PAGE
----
South Korean leader Park urges China to avert new North Korea nuclear test


South Korean President Park Geun-hye on Wednesday urged Chinese leader Xi Jinping to make “further efforts” to dissuade North Korea from conducting a fresh nuclear test, warning of serious repercussions for regional stability.

Her comments, made during a phone call between the two presidents and reported by her office, came a day after Seoul said heightened activity at North Korea’s main nuclear test site might indicate an imminent test.

According to the presidential Blue House, Park voiced appreciation for China’s attempts to get the North to suspend its testing program. “She asked for further efforts to persuade North Korea, saying additional nuclear tests would completely alter the region’s security map by triggering an arms race and a nuclear domino effect in the region,” it said.

As Pyongyang’s only major ally, Beijing has long shielded it from the severe sanctions the United States and allies would like to impose, but it has also voiced exasperation at the provocative, bellicose behavior of North Korean leader Kim Jong Un’s regime.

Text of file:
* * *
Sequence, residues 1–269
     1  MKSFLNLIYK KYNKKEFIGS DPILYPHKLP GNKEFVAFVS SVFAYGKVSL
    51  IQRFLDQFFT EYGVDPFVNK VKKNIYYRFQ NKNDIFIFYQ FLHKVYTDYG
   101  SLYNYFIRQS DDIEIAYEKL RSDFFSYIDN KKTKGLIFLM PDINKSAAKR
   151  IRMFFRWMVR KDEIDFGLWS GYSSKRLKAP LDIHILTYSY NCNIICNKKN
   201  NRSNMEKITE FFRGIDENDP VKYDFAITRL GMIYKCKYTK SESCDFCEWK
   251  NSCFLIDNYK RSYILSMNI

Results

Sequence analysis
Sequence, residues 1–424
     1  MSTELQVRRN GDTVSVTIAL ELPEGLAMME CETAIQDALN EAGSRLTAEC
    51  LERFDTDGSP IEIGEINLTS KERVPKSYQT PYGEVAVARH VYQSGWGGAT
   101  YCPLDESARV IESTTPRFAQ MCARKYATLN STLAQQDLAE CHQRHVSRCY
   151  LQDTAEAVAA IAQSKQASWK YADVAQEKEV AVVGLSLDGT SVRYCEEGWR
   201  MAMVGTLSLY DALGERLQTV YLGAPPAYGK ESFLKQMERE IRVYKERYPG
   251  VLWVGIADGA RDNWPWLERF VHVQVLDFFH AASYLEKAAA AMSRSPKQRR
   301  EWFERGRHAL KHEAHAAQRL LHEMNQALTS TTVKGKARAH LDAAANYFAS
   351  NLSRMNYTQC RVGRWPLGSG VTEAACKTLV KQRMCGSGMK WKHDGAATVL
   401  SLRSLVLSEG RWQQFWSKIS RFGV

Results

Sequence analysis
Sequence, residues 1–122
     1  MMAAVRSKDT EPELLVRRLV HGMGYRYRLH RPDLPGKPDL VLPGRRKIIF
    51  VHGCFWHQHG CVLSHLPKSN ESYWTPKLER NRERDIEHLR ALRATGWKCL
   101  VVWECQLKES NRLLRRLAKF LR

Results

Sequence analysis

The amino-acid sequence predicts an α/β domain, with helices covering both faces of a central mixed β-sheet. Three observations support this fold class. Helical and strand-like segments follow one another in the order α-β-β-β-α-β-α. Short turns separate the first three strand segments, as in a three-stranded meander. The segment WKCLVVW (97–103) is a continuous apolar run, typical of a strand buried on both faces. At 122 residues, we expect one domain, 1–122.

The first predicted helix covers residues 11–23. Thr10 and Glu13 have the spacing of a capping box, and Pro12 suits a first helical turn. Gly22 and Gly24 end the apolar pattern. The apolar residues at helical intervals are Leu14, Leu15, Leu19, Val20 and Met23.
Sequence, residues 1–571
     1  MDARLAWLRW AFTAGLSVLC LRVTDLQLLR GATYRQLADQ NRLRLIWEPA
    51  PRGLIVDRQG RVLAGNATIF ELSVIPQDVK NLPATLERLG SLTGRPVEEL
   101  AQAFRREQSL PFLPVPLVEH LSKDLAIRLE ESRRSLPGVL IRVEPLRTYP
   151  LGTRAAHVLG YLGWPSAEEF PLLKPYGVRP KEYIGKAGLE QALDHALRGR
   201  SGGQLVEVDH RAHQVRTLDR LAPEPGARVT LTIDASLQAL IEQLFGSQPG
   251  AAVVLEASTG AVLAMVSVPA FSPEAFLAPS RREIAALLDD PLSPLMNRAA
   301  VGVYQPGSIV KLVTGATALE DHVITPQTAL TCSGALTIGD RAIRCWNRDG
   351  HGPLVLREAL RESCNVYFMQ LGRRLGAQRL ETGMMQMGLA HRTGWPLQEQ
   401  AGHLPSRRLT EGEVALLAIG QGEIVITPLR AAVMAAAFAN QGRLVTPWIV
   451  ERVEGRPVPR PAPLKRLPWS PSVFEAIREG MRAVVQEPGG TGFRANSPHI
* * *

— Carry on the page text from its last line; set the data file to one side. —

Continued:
According to the Blue House, Xi said it was in everyone’s interest to avoid a rise in military tensions on the Korean Peninsula.

North Korea has conducted three nuclear tests — in 2006, 2009 and 2013 — all at the Punggye-ri site in the northeast of the country.

South Korea’s Defense Ministry said Tuesday that stepped-up activity at Punggye-ri indicated a fourth test might be in the pipeline. However, spokesman Kim Min Seok also acknowledged it could be a “deception tactic” to raise tensions before U.S. President Barack Obama’s arrival in Seoul on Friday.

The United States said Tuesday it was watching North Korea “very closely” following the warnings from Seoul.

The U.S.-Korea Institute at Johns Hopkins School of Advanced International Studies said recent satellite images did indeed show “new operations” at Punggye-ri. But it added that a test to coincide with Obama’s visit was unlikely since the activity did not appear to have reached the same level of intensity that preceded North Korea’s previous nuclear tests.